In 2009 the Pittsburgh Pirates spent a lot of money on prep pitchers in the middle rounds. The hope was that one of those pitchers could one day emerge as a top of the rotation option, which is something the Pirates hadn’t seen in their system for a long time. So far none of those pitchers have emerged as anything close to top of the rotation guys. Here is a rundown of what the Pirates have from each pitcher.
2nd Round – Brooks Pounders: Traded for Yamaico Navarro, who was traded for Jhondaniel Medina.
4th Round – Zack Dodson: Struggled in low-A last year. Still has the potential and stuff to reach the majors, but he has 4th starter upside.
6th Round – Zack Von Rosenberg: The highest paid player at $1.2 M. He was supposed to have the best chance of breaking out. Has been hit hard the last two years due to an elevated fastball. Today he was throwing 80-83 MPH.
7th Round – Trent Stevenson: Retired last year.
8th Round – Colton Cain: Traded with two other players for Wandy Rodriguez.
That’s not an impressive result, especially when the draft was focused around those prep pitchers. So far the result is a third of the price it took to acquire Wandy Rodriguez, plus two guys who might make the majors but have been struggling in A-ball, and a small right-hander in rookie ball. If you’re making an argument against the Pirates drafting skills, the 2009 draft would be the center of that argument.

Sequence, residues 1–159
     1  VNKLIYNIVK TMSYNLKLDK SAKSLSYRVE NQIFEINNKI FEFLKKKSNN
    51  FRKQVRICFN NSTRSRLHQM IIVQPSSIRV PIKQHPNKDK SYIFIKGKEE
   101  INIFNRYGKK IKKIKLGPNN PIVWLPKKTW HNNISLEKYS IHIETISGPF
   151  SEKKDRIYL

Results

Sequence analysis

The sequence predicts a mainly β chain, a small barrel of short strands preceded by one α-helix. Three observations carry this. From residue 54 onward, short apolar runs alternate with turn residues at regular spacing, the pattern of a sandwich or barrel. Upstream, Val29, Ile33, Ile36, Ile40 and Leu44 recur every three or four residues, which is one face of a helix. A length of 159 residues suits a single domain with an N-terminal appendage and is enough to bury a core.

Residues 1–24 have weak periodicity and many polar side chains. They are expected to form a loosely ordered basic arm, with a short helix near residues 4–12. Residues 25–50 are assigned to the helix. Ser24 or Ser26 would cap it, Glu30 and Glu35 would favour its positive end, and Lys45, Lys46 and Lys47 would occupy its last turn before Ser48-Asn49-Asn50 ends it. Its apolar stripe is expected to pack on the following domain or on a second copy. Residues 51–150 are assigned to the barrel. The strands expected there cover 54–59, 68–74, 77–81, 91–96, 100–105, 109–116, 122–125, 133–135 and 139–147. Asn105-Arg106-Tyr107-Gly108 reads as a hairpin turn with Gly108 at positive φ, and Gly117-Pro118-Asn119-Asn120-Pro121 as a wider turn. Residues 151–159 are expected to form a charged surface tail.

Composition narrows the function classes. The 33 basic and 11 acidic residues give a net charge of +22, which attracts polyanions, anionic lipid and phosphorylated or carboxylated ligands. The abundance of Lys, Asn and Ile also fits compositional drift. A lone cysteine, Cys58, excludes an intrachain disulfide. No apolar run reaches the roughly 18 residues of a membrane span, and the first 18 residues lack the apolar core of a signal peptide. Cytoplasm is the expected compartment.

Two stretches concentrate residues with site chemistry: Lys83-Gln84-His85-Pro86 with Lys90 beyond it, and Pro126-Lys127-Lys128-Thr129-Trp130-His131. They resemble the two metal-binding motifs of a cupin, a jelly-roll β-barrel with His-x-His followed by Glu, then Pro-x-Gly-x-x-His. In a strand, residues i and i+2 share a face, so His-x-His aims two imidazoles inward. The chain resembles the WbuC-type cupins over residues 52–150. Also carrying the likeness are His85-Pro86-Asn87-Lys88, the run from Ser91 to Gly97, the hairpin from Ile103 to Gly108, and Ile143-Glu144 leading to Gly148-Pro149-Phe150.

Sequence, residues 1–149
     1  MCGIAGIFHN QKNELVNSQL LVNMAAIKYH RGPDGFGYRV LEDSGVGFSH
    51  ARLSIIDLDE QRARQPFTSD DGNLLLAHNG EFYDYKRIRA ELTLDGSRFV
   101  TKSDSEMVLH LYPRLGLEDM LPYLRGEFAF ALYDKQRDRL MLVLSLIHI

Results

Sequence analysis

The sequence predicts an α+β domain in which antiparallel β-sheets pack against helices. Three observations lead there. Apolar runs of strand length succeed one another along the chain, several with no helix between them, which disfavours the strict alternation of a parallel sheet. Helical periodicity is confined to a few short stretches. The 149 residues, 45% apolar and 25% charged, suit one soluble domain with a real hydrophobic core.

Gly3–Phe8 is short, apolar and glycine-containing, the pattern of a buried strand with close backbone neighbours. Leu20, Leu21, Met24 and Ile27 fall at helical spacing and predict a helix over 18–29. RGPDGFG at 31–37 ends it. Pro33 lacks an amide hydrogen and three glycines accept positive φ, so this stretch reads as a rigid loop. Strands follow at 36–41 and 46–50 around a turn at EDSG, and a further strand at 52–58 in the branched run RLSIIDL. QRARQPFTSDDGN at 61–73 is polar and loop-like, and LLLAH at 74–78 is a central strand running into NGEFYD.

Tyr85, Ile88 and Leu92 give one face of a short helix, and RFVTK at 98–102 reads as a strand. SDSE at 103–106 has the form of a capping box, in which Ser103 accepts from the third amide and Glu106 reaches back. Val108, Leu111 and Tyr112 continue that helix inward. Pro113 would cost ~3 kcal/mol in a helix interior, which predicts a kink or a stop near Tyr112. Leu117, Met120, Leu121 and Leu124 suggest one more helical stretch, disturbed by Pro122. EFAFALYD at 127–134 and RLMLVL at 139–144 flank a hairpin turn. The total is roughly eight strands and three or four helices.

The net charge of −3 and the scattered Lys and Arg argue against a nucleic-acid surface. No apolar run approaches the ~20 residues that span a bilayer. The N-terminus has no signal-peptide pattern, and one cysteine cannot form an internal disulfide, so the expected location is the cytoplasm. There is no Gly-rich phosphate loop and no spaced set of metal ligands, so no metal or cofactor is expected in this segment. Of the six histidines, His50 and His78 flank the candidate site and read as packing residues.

One thing I noticed today is that the 2011 draft is shaping up to be the exact opposite of the 2009 draft. The Pirates went crazy with their spending in 2011, adding Gerrit Cole and Josh Bell with their top two picks. But they also spent on the middle round prep pitchers, and the early results have been more encouraging than the 2009 class.
4th Round – Colten Brewer: Was hitting 95 MPH with his fastball today.
5th Round – Tyler Glasnow: Consistently hits 96 MPH with his fastball, and has touched 98.
7th Round – Jake Burnette: Had a minor elbow injury last year, but is healthy now. Was topping out at 90-93 before the injury, with a good curveball.
8th Round – Jason Creasy: Hasn’t shown the velocity of the other pitchers, and was hit around in State College.
9th Round – Clay Holmes: He throws 90-93 MPH with a slider that looks like a plus pitch at times.
Right now a lot of the 2011 guys are still more potential than results. None of them have pitched above short-season ball, which isn’t a negative since last year was their first full season. They’re graded on potential and stuff, and what we do know is that none of the guys in 2009 had the stuff that we’re seeing from the 2011 group. The 2009 group didn’t have one person hitting 95 or higher, let alone two. Colton Cain, Zack Dodson, and Brooks Pounders all worked in the 90-93 range, but never on a consistent basis. So far there’s only one player from the 2011 draft who hasn’t hit 93 or higher, and that’s Creasy.
The 2011 prep pitchers also have an advantage. They’re just a bonus. The key to that draft was Cole and Bell. If one or more of the prep pitchers makes it, that’s just icing on the cake. The 2009 prep pitchers were the key to the draft. The whole draft was focused on them. They also didn’t have Cole, Jameson Taillon, and Luis Heredia in the system. For a year, they were the only hope of having a top of the rotation starter one day, and they were pretty much the only pitching prospects the Pirates had. That’s not the case at all with the 2011 group.
The 2011 guys are still more stuff and potential than results. But so far that potential has definitely been encouraging, to the point that they’re off to a much better start than the 2009 class.
Here are a few photos from Pirate City today.
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